Occupation: General Contractor
Residence: Cloverdale, California
Date of Performance/Collection: May 3, 2021
Primary Language: English
Other Language(s): Norwegian
My informant for this piece is an American of Scandinavian descent. He lived in Norway for a time during high school and learned the language while he was there. He also still keeps in contact with his host family from his time living there, and his son recently spent a year abroad there as well. In regards to this particular piece, it was said in old Norwegian culture that trees represent life, and each tree has a separate spirit.
After my informant moved into his house, he built a barn to operate his business from. When the barn was finished, the wetting tree tradition took place.
“Traditionally, an evergreen bough is nailed into the final beam of a barn–the ridge beam. When the whole building is done, a party is thrown and everybody drinks a toast to honor all the trees that went into the structure and to wish it a good future. We used a live tree–an olive tree–in a pot. And when it was all done we took it and planted it in the row by the house.”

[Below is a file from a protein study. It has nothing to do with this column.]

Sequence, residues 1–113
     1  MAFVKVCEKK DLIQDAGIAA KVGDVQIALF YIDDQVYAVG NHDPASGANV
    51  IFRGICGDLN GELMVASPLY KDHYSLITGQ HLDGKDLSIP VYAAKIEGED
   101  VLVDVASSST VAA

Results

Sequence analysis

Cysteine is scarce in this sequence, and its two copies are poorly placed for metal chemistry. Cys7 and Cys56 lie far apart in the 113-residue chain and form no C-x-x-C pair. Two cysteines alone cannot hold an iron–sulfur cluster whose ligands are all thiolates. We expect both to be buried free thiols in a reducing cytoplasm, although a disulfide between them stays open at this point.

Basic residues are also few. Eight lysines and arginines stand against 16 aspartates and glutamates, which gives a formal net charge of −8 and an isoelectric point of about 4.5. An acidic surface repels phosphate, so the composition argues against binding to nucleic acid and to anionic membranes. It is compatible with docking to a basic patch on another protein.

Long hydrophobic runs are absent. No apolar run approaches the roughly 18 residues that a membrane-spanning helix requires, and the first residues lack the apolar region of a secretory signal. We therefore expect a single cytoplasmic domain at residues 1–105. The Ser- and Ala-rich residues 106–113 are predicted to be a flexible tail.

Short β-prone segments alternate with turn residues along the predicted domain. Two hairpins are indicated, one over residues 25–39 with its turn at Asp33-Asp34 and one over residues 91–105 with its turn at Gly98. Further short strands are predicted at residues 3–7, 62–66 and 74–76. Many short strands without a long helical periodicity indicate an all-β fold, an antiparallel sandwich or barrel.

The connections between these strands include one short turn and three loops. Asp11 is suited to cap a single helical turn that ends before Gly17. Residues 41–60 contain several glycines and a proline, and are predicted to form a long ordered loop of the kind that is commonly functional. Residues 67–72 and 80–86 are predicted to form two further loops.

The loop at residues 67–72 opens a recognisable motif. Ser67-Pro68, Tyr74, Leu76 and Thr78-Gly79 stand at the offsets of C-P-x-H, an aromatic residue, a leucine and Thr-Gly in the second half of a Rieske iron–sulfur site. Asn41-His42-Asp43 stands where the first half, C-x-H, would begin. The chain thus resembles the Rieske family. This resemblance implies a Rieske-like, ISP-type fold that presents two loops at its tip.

Personally, I like this tradition because those who have helped to construct the building show their gratitude towards the trees for providing the materials which them to build it. But when we take a look at this Scandinavian tradition, it looks like an instance of sympathetic magic. More specifically, I believe it’s a practice of homeopathic magic. In order to ensure the prosperity of the recently built barn, a bough–or in my informant’s case, a whole tree–is hung from the highest rafter of the barn. Thusly, a part of what the barn is made out of watches over the entire structure in order to protect it.